So, for the left, that's the good news. What's the bad news? Americans' views on economic issues. From the Gallup report:
When an NBC News/Wall Street Journal poll found earlier this year that a plurality of Republican voters believe GOP lawmakers compromise too much with President Obama, it seemed hard to believe. Congressional Republicans have refused to work with the Democratic White House on anything, literally since Day One. Maybe respondents didn't understand the question?
No, that's not it. The Washington Post's Greg Sargent noted yesterday that rank-and-file Republicans just want as much confrontation as humanly possible. The latest report from the Pew Research Center makes this clear:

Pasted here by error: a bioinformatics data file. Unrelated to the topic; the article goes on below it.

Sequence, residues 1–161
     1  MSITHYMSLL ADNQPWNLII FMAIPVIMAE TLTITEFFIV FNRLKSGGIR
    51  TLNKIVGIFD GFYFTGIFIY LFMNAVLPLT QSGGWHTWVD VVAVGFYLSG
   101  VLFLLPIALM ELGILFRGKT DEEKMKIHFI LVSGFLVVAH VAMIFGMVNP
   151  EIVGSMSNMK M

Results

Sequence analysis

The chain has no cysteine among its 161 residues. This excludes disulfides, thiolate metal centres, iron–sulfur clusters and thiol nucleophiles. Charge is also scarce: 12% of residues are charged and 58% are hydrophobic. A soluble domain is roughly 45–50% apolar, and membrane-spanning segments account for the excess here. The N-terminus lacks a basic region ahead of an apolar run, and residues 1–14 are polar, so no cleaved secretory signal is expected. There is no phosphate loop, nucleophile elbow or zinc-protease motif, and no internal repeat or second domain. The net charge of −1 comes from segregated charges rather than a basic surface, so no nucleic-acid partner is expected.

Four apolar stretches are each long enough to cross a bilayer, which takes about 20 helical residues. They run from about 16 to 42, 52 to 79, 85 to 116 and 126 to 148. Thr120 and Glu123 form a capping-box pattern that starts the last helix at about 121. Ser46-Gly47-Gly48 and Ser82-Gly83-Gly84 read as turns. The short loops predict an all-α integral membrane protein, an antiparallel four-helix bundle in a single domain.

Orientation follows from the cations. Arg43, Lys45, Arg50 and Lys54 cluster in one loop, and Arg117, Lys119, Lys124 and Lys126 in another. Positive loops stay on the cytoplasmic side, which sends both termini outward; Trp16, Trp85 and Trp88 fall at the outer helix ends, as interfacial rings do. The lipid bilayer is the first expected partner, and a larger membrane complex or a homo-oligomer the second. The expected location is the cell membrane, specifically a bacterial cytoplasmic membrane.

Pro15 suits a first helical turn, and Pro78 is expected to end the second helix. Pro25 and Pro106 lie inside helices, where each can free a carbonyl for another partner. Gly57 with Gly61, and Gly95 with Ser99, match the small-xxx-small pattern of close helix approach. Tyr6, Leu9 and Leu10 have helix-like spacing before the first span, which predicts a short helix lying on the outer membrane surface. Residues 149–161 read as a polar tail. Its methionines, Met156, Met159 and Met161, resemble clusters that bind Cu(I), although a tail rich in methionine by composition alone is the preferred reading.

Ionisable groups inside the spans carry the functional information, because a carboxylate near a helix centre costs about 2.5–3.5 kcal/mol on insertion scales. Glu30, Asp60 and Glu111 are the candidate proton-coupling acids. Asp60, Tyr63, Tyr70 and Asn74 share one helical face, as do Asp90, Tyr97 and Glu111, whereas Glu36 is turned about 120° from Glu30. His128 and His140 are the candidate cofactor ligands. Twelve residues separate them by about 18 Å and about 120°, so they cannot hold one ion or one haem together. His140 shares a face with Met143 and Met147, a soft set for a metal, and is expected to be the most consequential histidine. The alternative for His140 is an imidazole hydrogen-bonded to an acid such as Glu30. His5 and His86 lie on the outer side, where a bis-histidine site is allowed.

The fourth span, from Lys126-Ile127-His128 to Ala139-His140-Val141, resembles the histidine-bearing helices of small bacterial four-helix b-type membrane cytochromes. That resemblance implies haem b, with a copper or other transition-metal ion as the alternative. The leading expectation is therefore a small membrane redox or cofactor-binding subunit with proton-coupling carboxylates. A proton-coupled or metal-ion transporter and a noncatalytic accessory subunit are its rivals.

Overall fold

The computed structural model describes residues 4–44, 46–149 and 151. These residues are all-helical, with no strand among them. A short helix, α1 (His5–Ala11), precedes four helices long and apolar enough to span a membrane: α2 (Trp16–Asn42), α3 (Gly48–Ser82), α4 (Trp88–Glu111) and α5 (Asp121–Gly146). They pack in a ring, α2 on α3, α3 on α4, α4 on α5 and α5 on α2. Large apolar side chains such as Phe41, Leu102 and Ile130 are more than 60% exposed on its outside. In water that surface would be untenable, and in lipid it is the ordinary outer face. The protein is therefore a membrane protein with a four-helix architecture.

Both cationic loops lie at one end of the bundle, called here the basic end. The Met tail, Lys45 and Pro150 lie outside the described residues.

The survey finds deep differences in how Republicans and Democrats want President Obama and GOP leaders to deal with issues. Fully 75% of Republicans want GOP leaders to challenge Obama more often; just 15% say they are handling relations with the president about right and 7% say GOP leaders should go along with Obama more often.
Fewer Democrats (49%) want Obama to challenge Republicans more often; 33% say he is handling this about right while 11% want him to go along with GOP leaders more often.
That's quite a bit of asymmetry. In the overall population, the number of Americans who want GOP lawmakers to go along more with the White House is roughly identical to the number of Americans who want Republicans to "challenge" the president more often.
But among GOP voters, the results are lopsided. This actually explains a lot.
Today's installment of campaign-related news items that won't necessarily generate a post of their own, but may be of interest to political observers: